What is experimental debt?
When developing ML models it typically takes 100s if not 1000s of iterations to get a usable model. An ML practitioner needs to try out different input features, model types, hyperparameters, etc., to discover the best model.
Typically results across experiments and across the team are not in a central location.
For example, maybe Bob forgot to save the results of experiment 1 but remembers the accuracy was .8. In experiment 2, he saves the result (.33 accuracy) to a log file on his local computer. Some results from an AB test were saved to an SQL database. Moreover, Mary is working on a similar problem and saves her results on a local computer.
In this typical situation, it’s difficult to determine the best model. For example, maybe you want the highest recall model for Europe, where the model size is under 3Mb and where the precision is greater than .9. In practice, without being able to create complex queries over experiments, this is a difficult and time-consuming endeavor, since you will need to amalgamate the data across all the systems and format it all consistently.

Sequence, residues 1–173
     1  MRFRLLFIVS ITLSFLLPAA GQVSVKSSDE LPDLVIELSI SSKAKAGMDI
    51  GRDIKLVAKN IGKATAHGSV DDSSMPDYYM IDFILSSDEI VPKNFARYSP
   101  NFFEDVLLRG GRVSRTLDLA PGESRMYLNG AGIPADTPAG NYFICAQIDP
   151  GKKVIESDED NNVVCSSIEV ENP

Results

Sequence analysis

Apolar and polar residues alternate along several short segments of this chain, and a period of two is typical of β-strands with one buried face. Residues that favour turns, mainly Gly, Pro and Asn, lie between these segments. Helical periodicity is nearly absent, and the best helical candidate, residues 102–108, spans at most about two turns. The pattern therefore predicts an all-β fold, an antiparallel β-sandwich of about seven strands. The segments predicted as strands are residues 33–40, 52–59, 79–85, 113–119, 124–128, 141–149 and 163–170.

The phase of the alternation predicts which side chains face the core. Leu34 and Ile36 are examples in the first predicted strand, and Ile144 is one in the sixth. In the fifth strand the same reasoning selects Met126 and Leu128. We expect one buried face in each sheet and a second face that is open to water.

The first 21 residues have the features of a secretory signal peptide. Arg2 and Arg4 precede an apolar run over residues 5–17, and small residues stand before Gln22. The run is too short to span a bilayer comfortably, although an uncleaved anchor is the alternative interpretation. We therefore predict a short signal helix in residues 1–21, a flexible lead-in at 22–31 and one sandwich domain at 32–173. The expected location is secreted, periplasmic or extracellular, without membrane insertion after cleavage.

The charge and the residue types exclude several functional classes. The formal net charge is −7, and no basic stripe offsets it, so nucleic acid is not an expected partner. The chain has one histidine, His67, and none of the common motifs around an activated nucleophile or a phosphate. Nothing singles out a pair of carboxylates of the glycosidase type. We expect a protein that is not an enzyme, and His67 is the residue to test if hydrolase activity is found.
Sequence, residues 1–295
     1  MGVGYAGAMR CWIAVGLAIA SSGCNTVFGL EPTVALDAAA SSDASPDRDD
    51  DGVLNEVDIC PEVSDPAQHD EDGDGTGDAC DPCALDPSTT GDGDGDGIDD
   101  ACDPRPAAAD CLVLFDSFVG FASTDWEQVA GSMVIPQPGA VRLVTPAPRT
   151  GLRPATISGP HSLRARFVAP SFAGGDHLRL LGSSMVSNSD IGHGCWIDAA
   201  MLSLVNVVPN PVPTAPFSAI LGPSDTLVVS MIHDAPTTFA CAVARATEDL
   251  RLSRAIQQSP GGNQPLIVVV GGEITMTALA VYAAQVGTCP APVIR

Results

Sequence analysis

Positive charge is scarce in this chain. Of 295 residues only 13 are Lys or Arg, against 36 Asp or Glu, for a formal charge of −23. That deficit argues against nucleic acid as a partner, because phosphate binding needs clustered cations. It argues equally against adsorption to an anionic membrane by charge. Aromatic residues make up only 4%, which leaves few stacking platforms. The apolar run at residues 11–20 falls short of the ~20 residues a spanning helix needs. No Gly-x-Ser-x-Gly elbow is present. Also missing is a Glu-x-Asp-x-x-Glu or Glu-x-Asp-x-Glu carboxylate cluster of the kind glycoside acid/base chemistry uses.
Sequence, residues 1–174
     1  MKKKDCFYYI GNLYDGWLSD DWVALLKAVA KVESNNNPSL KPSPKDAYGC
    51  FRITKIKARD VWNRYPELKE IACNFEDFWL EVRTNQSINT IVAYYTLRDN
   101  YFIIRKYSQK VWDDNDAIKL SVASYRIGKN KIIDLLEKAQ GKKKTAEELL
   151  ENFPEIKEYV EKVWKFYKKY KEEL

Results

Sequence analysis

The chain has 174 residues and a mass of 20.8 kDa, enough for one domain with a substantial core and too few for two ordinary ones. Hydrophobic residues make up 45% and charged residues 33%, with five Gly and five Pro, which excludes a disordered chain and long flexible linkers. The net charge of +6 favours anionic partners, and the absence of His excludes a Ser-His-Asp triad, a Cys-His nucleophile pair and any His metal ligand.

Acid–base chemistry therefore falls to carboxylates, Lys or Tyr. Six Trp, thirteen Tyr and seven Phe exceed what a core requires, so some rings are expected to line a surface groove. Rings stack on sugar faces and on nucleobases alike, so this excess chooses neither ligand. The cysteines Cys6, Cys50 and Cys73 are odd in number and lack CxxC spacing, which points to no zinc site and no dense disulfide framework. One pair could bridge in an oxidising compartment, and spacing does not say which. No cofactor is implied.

In addition to this, the metric which determines the “best” model changes over time. Perhaps, when the model was first designed the optimization metric was customer retention, but later down the line customer satisfaction becomes the optimization metric. Typically, in this case you would need to retrain a model, optimizing for the new metric. This is expensive and tedious.
You need an experimentation platform which creates a global shared context to track experimental results, and within which you can search and discover results and launch complex queries in order to gain insights into models.
These final two surprises conclude my seven costly surprises of ML. Over the course of eight posts, we’ve gone from establishing the differences between ML and traditional, rule-based software, through levels of abstraction, and explored many of the ways input data and hidden code complexities can derail ML systems in production.
In next week’s final post, I’m going to explore what these surprises mean for ML in the real world and offer some concluding thoughts on how best to move forward with this exciting and powerful new technology.